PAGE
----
I’ve got a piece in the latest New Statesman – really addressed at the question, ‘What’s an unhappy Labour supporter to do?’:
The behaviour of much of the Labour Party reminds me of the two main characters in Waiting for Godot. Dump Gordon or get behind Gordon? No matter how many times a deadline has been rolled out for Gordon Brown to turn things round, the malaise limps on. Just as in Samuel Beckett’s play, where Estragon and Vladimir keep on deciding to do nothing – because it’s safer or because something else may yet happen – so Labour carries on, neither happy with matters as they are nor acting to change them. There is, however, a simple way for Labour supporters to break out of this cycle. They should stop worrying about whether or not to change leader and instead think about changing party…
Compare Labour’s current political troubles with those of the Conservatives in the 1980s and 1990s. At that time, the dissidents – most notably Michael Heseltine, post-Westland – had an alternative set of policies. It was most certainly about personalities – but there was also no doubt that a Heseltine government would have had very different trade and industry policies from the Thatcher government. Again during the 1990s, there were real differences of policy at stake in the Conservative Party – and so genuine hope that a change of leader or change of political direction might bring substantive change.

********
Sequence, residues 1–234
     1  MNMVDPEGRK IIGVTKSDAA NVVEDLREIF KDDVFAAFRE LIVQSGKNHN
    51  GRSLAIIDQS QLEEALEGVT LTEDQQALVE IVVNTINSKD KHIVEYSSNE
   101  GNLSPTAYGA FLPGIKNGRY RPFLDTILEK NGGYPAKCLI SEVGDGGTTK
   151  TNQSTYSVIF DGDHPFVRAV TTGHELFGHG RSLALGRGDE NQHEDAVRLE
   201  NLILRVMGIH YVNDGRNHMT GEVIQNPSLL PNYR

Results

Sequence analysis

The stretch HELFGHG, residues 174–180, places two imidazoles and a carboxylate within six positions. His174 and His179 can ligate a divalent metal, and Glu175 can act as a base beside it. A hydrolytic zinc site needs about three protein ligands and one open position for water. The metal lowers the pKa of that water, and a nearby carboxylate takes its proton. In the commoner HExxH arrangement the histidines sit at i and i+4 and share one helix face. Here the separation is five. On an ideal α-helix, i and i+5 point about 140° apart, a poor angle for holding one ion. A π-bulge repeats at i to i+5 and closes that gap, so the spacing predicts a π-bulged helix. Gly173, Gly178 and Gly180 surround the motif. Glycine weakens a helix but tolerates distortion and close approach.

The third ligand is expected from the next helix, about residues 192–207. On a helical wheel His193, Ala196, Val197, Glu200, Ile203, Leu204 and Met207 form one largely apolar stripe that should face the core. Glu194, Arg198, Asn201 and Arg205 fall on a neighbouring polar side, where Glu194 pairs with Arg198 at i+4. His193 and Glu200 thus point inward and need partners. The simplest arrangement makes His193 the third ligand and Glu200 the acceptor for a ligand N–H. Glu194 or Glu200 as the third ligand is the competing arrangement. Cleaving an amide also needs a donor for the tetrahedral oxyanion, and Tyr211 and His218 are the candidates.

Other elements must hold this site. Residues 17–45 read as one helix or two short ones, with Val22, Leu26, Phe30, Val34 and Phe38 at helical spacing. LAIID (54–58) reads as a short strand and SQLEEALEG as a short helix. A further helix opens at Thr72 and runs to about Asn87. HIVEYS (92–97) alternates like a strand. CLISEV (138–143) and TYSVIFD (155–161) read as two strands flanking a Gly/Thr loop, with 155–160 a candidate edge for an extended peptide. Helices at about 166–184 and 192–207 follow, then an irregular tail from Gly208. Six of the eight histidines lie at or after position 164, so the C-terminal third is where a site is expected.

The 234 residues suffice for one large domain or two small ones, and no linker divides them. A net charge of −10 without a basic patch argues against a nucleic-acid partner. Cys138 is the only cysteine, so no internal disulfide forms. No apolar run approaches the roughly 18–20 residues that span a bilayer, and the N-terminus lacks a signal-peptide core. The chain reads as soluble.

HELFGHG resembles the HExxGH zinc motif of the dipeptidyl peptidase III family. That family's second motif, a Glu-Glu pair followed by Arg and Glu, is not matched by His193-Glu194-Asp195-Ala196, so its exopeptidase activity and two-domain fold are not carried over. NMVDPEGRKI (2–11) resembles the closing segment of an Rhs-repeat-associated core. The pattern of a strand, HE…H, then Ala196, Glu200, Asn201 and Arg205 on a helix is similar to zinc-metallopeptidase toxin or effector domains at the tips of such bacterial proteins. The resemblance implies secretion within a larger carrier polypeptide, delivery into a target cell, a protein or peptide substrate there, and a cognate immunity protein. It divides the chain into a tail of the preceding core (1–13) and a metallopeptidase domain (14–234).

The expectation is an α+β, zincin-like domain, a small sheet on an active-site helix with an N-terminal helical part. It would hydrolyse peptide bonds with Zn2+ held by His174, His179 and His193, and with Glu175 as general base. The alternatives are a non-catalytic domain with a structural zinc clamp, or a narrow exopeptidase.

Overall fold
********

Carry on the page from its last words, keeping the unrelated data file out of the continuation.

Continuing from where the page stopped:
The same cannot be said of the Labour Party in 2008. Take Charles Clarke’s intervention (NS, 8 September). What policy direction change does he really want, or what does his track record suggest? Perhaps a return to losing prisoners rather than losing data about prisoners, one might wickedly suggest. Is there a more substantive answer? I’ve listened to and read his words time and again, and beyond “I don’t like Gordon Brown” I can’t find one.
Labour’s supporters don’t have to play the “Waiting for Gordon” game any longer. The Liberal Democrats are ready and waiting to welcome them.
You can read the full piece here.